As a teen, I liked Sting playing Feyd.
I love...the way his name is spelled
I remember, as a teen, making fun of all the internal dialogue with a hilarious friend (said friend, if you're reading this, hi!) The spice, the worms...what does it all mean? I'm not sure, Paul, but I bet if we keep watching, we'll find out.
So I knew the internal dialogue was coming when I watched it the other day. But what I was not expecting was all the unnecessary telling the internal monologue accomplished.
Here's some examples.
Paul is about to be tested by sticking his hand in the box of pain (which is another thing I remember as a child. That and the horrible horrible Baron unplugging that guy's heart plug and the guy just bleeding to death. Fun times).
Paul's mother has this look of fear on her face. Paul looks between his mother and the Bene Gesserit High mother and he can see, clearly based on the actor's facial expressions, that something is going on and his mother is frightened.
Then Paul thinks she's frightened of something.
Boy, you think Paul? We already picked that up from all the actors and their expressions.
Later, Paul's mother is talking to their Dr. Yueh and she mentions that he must really hate the Harkonnens. Yueh makes a comment along the lines of:
"Yes. My wife..." Then he stops talking and has a grieved and pained look on his face. Jessica looks at him sympathetically. Clearly, as an audience, we can see what has happened here.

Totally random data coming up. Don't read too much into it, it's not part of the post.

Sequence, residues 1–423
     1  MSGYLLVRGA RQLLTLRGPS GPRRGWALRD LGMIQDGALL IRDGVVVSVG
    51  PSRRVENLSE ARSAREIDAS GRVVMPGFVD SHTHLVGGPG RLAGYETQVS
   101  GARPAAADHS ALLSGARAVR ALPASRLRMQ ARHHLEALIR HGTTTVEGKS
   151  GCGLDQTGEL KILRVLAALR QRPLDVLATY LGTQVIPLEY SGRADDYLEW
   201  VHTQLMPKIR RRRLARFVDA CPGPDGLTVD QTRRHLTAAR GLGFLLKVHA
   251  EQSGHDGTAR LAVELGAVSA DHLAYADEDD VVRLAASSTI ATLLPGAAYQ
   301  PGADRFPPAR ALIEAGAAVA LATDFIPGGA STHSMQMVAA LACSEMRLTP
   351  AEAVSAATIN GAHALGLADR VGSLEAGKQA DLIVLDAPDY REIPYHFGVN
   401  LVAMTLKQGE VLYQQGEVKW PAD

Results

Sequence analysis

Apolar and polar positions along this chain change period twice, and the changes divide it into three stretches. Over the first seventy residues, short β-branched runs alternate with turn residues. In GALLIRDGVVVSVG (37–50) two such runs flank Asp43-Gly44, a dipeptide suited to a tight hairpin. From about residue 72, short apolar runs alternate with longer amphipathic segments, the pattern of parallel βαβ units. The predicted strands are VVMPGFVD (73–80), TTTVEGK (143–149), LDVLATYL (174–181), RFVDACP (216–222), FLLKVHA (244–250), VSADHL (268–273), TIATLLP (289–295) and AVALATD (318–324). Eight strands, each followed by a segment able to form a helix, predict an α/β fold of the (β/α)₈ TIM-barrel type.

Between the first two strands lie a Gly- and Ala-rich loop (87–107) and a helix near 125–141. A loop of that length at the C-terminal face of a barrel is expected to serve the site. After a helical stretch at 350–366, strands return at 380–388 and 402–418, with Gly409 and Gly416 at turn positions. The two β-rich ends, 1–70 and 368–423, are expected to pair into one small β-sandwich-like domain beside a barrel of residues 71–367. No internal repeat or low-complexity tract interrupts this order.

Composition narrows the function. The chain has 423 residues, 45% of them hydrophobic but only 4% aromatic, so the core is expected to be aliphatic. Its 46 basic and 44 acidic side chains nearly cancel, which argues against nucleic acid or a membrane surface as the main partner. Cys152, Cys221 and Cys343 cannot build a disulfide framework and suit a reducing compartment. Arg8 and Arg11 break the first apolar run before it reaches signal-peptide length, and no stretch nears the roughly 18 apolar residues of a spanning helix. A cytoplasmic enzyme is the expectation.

BUT THEN, the internal monologue.
Jessica thinks, His wife must be dead.
Thank you SO MUCH internal monologue. We could not deduce that ourselves. AND even if we couldn't, in about 15 minutes, we'll know for sure when the Harkonnens tell her that they killed Yueh's wife. I think as an audience, we could have been held in suspense for 15 minutes if we couldn't deduce that his wife was dead.
I have about 6 other specific examples written down just from the hour or so I watched but I think you get the point.
I don't know why they felt the need to hammer us over the head with so much telling. The movie could have been much more subtle and pleasant as opposed to the heavy handed film it is now.
When I read the book, I was never once confused. But when I watch the movie, I'm confused about 50% of the time. If you want to do some telling, movie, to make sure the audience is following you, why don't you let the actors act out their emotions (which they'er already doing) and save the telling for things like what the hell that floating creature thing is - turns out it's the guild navigator. Who knew? Not me, even after I had read the book. Then I was like That's the guild navigator?!.
Anyway, that's what I was thinking when I was watching the movie. Too much unnecessary telling.
Anyone else love or hate Dune? Either the movie or the book? There's supposedly a new movie in the works. Hope it's good.
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